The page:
Have we had enough pig yet? Evidently not as we then headed over to Big Bob Gibson Bar-B-Que from Decatur, AL. Here we met pit master Chris Lilly who has been winning barbecue championships for years. Their pulled pork shoulder is one of the best but I was getting quite full at this point so I took a few bites and listened to more of Ed’s fantastic stories. After a run-in with Danny Meyer and other industry celebrities we headed over to Mike Mills of 17th Street Bar & Grill from Murphysboro, IL. Mike is another legend in the world of barbecue and we had a lesson on the anatomy of a pig from him. I now know the differences between different cuts of ribs. Under their hospitality tent we had more BBQ, beer, and plenty of stories.
Our final stop was The Salt Lick Bar-B-Que from Driftwood, TX. I’ve been to The Salt Lick before when I was in Austin some time ago but I was more than happy to be able to meet the owner Scott Roberts. For the Big Apple BBQ he’s smoking brisket and sausages. And his beef and pork sausage is the best of the bunch. With a perfect snap and wonderful flavor that’s heightened by the grill I actually wanted more even though I was stuffed. And with their famous sauce the brisket was delicious. Of the different barbecue sauces that we tasted my favorite was a tie between that of The Salt Lick’s and that of Ubon’s. Ubon’s is more sweet and tangy while Salt Lick’s is spicier. Either way you can’t go wrong.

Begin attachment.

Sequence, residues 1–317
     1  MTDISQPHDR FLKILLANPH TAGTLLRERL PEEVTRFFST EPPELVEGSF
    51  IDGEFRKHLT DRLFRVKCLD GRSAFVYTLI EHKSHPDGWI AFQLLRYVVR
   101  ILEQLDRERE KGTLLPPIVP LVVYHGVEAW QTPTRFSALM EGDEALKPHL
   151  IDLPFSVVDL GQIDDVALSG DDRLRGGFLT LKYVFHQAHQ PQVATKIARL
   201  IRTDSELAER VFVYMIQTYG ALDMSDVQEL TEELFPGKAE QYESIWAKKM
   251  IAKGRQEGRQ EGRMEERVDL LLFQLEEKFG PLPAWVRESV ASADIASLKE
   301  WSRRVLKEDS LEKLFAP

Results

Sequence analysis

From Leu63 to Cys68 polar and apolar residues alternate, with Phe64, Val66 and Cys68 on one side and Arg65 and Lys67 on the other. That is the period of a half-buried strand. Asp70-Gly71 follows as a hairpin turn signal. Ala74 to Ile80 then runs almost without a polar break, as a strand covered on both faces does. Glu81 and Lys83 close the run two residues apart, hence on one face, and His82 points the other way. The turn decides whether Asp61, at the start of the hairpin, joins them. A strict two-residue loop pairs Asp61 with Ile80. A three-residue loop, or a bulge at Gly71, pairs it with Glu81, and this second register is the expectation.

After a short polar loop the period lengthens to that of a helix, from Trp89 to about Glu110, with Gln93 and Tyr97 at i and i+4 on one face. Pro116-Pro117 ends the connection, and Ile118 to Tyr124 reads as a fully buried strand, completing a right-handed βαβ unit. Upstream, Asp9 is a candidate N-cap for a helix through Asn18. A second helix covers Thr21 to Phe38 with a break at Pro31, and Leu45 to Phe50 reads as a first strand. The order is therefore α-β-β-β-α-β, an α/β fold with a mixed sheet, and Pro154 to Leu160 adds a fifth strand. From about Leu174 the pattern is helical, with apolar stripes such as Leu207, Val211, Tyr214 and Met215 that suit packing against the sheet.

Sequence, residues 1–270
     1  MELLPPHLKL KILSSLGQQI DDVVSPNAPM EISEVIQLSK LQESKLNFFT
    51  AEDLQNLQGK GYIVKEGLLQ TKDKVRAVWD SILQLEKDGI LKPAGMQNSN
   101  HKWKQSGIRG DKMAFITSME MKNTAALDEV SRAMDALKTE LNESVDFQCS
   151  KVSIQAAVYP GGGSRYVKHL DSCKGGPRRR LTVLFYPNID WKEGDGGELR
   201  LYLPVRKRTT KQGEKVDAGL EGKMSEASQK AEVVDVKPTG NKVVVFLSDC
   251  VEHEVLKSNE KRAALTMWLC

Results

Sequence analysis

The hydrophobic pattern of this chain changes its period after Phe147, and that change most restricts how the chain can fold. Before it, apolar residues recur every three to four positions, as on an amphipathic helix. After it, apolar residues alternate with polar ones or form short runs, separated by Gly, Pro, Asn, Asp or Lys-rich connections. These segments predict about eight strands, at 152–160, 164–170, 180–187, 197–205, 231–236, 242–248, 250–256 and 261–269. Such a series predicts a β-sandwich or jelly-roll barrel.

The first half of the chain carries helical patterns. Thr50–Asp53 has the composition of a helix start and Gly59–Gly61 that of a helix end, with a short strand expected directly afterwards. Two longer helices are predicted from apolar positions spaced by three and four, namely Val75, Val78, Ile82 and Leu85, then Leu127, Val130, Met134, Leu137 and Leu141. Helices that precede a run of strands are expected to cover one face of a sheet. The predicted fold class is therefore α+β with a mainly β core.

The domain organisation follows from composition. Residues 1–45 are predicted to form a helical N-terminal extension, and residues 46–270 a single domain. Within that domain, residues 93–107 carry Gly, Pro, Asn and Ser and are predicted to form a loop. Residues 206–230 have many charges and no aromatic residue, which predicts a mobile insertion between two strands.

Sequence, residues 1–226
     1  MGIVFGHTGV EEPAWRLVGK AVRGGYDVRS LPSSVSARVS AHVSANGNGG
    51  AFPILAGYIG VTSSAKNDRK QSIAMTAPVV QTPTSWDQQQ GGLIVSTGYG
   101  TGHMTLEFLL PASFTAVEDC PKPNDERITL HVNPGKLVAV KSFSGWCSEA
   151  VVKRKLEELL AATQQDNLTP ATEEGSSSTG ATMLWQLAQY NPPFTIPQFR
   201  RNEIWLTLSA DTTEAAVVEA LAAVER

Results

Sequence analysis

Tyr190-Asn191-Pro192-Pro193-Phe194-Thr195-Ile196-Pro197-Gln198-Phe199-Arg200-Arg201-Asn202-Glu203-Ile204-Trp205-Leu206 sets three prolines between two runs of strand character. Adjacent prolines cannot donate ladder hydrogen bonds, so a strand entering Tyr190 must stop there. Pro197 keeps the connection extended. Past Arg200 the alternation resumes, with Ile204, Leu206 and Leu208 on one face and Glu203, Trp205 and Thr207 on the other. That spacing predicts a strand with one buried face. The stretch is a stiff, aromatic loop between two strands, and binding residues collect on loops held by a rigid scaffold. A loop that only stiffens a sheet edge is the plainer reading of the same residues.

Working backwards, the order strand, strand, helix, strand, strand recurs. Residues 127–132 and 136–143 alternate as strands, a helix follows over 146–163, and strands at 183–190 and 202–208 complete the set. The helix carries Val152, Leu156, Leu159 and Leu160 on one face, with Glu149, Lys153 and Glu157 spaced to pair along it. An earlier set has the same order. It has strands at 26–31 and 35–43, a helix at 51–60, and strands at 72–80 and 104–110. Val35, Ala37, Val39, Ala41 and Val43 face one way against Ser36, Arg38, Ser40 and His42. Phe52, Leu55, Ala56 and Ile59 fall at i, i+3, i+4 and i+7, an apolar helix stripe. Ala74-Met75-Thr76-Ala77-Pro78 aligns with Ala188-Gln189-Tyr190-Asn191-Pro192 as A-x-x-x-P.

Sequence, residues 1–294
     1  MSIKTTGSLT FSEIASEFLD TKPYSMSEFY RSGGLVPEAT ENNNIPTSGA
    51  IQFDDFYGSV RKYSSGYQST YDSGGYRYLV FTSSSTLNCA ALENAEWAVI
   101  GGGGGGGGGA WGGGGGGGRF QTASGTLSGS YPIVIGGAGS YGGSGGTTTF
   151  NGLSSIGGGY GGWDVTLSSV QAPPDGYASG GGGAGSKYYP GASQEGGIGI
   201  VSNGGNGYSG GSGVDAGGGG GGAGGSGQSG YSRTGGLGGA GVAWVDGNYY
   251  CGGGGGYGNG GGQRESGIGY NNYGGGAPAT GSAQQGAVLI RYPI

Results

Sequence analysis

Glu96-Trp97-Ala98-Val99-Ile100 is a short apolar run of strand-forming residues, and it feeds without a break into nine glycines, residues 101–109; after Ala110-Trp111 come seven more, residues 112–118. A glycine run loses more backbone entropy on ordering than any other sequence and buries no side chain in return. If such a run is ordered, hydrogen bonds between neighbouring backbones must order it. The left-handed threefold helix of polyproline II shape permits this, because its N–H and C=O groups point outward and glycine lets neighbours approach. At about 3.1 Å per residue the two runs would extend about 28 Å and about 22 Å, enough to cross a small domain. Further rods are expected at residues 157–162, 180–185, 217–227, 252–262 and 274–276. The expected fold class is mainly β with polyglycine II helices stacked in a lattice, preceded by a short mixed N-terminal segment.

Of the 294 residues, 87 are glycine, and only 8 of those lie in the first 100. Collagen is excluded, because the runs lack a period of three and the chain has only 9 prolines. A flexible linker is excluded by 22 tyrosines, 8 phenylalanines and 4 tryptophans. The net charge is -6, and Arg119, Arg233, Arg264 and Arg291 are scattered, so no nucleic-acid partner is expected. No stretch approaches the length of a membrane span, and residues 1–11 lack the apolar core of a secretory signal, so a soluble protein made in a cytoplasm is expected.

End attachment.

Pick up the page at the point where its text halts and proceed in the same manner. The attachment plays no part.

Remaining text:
And so after hours of delicious barbecue and countless stories from Ed and the pit masters I was stuffed to capacity and my clothes smelled like barbecue smoke. We said our goodbyes and thanks and I headed home enlightened with the knowledge that somewhere out there in this huge country of ours there are people, communities, who put their heart and soul into making culinary magic. Ed was right in saying that it’s almost unfair that these wonderful people come to New York once a year to give us a taste of food that we know we simply cannot have for the rest of the year. So, unless you’re planning on a road trip through the states mentioned above you’ll just have to wait another whole year for the next Big Apple BBQ Block Party. Trust me; the wait will be worth it!